Friday, February 4, 2011

Top 15 Shockers For 2011

(Editor's Note: Paul Schatz, President of Heritage Capital, LLC, in Woodbridge, will be contributing to Fi$callyFit every Friday. Read his biography here)

Each year, I usually release a small list of somewhat off the wall things that I think have some chance of occurring. Some shockers are repeats. Obviously, I hope that all of the less than positive ones don't happen. This is not my forecast for 2011, which I hope has a better chance of coming true!

Before I get to this year’s list, let’s do a quick review of what I offered last year. You’ll see my comments on how each did in italics.

Last Year’s 2010 Shockers:

1 - At least one major European country defaults on its debt
With so many crises that the ECB had to fight, I’ll put this in the correct column.

2 - The Euro sees a country leave, causing further strains in the union
Very close with Greece!

3 - A municipal bond crisis unfolds in the US
No crisis, but that sector was certainly pounded during the final four months of the year.

4 - Heading into its third decade of deflation and economic ruin, the graying and flat population of Japan begins to open its borders to immigration and remilitarizes, hoping to shock and stimulate their economy
Not yet.

5 - Aided by a resurgent economy, the Democrats retain both houses and Congress and super majority in the Senate
Not even close!

6 - Tim Geithner resigns from the Treasury citing personal reasons to spend more time with his family and embark on a career in the private sector, payback to him for having helped Wall Street "swindle" hundreds of billions from taxpayers
Too bad it didn’t happen.

7 - Treasury bonds end the year as one of the top performing assets
They were sailing ahead up more than 25% during the summer before giving back more than half the gains.

8 - Citibank is broken up and sold off in pieces and loses its name
Not until Uncle Sam goes totally away.

9 - Goldman Sachs goes private since the benefit of being public, added capital and huge leverage is no longer there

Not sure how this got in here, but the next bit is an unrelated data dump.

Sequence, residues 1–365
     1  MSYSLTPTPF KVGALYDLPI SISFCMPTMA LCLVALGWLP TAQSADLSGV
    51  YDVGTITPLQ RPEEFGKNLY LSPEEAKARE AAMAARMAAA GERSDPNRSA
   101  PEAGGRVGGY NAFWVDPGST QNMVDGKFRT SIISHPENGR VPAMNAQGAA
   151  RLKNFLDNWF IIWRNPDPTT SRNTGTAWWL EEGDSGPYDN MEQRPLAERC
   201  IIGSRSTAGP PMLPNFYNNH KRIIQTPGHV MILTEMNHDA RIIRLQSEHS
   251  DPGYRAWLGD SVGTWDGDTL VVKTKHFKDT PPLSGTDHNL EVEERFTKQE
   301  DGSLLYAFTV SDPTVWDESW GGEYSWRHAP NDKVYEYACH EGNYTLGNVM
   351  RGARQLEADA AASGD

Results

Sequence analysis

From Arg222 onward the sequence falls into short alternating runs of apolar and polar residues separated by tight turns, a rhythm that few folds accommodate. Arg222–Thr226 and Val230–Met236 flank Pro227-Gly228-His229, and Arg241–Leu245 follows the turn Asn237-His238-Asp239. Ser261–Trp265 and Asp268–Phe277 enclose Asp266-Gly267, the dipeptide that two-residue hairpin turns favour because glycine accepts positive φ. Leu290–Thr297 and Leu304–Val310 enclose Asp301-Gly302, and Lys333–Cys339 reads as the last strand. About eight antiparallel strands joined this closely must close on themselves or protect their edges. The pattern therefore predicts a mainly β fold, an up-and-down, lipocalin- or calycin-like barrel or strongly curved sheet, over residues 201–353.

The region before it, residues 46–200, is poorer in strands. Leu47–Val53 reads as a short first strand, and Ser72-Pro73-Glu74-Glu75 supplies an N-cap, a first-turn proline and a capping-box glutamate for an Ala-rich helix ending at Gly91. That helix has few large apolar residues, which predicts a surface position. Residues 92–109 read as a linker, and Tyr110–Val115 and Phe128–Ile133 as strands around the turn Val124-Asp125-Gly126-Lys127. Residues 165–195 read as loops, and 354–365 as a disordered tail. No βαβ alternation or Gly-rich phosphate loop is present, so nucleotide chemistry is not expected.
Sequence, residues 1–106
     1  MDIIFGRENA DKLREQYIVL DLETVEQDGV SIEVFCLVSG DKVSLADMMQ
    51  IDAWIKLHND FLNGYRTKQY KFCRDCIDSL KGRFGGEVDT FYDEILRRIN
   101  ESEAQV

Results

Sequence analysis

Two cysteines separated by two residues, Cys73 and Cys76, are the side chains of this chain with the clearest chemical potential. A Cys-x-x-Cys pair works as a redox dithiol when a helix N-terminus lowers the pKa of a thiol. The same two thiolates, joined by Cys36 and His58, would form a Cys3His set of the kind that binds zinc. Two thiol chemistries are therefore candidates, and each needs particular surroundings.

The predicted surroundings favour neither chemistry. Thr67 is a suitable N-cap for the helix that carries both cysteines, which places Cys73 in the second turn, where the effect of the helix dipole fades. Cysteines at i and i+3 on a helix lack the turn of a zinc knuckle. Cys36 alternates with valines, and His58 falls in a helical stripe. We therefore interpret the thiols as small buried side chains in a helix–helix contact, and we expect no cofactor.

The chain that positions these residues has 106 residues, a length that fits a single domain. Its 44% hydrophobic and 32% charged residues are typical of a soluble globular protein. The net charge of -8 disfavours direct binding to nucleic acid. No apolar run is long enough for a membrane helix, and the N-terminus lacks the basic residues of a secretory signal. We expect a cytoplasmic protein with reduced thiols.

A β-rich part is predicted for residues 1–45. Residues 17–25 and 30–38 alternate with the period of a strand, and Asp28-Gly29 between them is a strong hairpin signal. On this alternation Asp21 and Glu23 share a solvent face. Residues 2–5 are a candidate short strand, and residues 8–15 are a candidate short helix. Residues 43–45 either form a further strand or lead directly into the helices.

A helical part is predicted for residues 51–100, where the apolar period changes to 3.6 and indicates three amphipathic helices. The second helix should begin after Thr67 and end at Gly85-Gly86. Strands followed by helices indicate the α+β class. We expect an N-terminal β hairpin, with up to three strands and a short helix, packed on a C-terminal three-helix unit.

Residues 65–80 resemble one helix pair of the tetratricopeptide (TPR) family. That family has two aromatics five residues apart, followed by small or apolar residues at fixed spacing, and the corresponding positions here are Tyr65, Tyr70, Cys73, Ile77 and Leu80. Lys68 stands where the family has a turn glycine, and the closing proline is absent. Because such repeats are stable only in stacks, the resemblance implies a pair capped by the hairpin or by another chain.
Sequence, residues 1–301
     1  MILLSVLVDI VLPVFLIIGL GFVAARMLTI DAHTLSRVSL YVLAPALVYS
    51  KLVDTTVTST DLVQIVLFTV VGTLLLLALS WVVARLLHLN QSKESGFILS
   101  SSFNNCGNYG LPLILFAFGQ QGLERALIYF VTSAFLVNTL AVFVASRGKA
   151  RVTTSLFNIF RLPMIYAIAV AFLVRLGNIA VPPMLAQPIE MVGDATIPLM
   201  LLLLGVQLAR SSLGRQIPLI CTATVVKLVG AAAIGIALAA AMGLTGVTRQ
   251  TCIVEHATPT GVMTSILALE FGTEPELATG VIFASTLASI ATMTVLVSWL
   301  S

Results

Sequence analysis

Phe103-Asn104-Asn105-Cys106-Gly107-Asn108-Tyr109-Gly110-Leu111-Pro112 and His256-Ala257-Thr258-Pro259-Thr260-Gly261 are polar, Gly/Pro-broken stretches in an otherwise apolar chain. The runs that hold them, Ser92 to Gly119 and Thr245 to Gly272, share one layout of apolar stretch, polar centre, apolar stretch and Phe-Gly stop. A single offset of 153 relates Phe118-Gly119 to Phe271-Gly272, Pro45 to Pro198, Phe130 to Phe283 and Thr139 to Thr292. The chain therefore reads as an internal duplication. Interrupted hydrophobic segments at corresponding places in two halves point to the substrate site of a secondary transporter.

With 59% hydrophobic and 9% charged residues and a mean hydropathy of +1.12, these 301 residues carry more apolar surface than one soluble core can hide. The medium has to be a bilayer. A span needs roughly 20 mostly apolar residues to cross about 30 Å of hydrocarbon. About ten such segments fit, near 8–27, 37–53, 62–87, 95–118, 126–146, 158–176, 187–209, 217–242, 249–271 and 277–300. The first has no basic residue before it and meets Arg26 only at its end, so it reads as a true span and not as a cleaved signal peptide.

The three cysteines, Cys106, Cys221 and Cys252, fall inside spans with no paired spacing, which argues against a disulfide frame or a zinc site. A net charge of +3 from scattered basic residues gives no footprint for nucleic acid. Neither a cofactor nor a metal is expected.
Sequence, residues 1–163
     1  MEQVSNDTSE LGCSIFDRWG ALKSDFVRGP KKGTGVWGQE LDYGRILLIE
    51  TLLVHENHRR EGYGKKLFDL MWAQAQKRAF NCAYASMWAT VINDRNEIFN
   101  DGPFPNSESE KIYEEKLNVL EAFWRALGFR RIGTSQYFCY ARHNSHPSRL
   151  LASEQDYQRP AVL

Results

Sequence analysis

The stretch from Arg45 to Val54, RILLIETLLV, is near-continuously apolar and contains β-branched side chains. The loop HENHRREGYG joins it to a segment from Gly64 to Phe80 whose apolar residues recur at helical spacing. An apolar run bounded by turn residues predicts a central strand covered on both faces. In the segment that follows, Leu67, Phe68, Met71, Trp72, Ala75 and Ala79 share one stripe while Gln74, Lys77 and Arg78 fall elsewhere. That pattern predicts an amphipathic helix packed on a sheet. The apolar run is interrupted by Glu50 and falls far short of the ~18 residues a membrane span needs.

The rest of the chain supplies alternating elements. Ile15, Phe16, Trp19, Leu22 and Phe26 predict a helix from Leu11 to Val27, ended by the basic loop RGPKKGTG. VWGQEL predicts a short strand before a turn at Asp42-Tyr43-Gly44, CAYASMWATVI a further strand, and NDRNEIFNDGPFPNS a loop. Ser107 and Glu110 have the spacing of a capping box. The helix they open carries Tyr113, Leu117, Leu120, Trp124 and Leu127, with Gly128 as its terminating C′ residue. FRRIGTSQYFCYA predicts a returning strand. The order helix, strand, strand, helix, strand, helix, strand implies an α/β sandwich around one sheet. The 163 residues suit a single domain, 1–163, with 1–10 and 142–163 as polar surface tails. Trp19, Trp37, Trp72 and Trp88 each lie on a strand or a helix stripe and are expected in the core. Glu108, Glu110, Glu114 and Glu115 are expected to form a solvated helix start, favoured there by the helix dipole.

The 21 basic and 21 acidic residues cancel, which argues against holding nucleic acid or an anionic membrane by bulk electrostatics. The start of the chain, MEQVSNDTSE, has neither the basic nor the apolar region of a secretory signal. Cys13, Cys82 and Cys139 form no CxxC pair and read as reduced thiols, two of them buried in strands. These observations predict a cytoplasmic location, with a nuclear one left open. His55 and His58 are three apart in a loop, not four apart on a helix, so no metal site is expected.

10 - Citizens of Iran rise up against their government and begin a revolution. Iran responds by attacking Israel in an ill-conceived attempt at rallying public support behind a collapsing government.
Thankfully no.

11 - The stock market peaks during the third quarter and a new bear market begins.
The stock market saw a significant peak in April, followed by a 15%+ correction, but it was just in the context of an ongoing bull market.

12 – The Jets win the Super Bowl. Hey, I can dream! (actually, it’s San Diego)
Will my Jets ever get back to the party?

So now, let’s roll out the Shockers for 2011!

1 – After toiling in obscurity for more than two years while its energy cousins doubled and tripled, natural gas finally has its day in the sun as one the surprise investments of 2011, almost doubling!

2 – The Euro currency’s quiet bear market reinvigorates itself and heads to new five year lows and towards the ultimate shocker of parity (100).

3 – Under tremendous pressure from both within and the financial markets, Bernanke & Co. do not launch QE3 when it ends in June. Initially cheered by all, this leads to major asset peaks in stocks, commodities and high yield bonds.

4 – Joe Biden suddenly resigns the vice presidency and is replaced by Hillary Clinton, virtually assuring Barack Obama of reelection in 2012.

5 – Riding a renewed wave of cooperation with John Boehner and Congress, Barack Obama’s popularity soars to heights forcing quality republican candidates to withdraw.

6 – Powerhouse countries China and India lead the emerging sector to strongly choke off inflation by raising interest rates and draining liquidity. In turn, the bull market in emerging markets comes to a grinding halt.

7 – Generation bubbles in cotton, sugar and coffee burst, sending these highflying commodities in a tailspin.

8 – Driven by the wildest global weather on record, wheat, corn and soybeans soar to record highs, eclipsing the bubble prices of 2008.

9 – Contrary to widespread, depression like prognostications from Meredith Whitney, the municipal bond market does not collapse in crisis.

10 – The public’s love affair with investment grade and high yield corporate bonds ends.

11 – After two years and almost 100% rally, the public finally plows back into stocks, just like they did with tech in 1999, housing in 2006 and energy in 2008, precisely at the wrong time, leading to yet another case of getting caught holding the bag.

12 – While the economy chugs along during the first half of the year and the unemployment rate slowly declines, the trend sharply reverses during the second half as GDP slows and the ranks of the unemployed rises.

13 – The security no one wants to own, long-term U.S. treasury bonds, sees a dramatic resurgence during the second half of 2011.

14 – Investors infatuation with Apple and Netflix turns to sobs, tears and saturation as the outperformance grinds to a halt and turns rotten to the core as it’s streamed through our living room.

15 – The once storied New York Mets are the doormat of the National League East, unable to win even 70 games as the Red Sox and Phillies dominate Major League baseball.

A little longer than planned, but I hope you enjoy it anyway!

FYI, I will be on CNBC's The Call on February 8 at 9:35am.

Feel free to email me with any questions or comments at

Until next time…

Paul Schatz
Heritage Capital LLC

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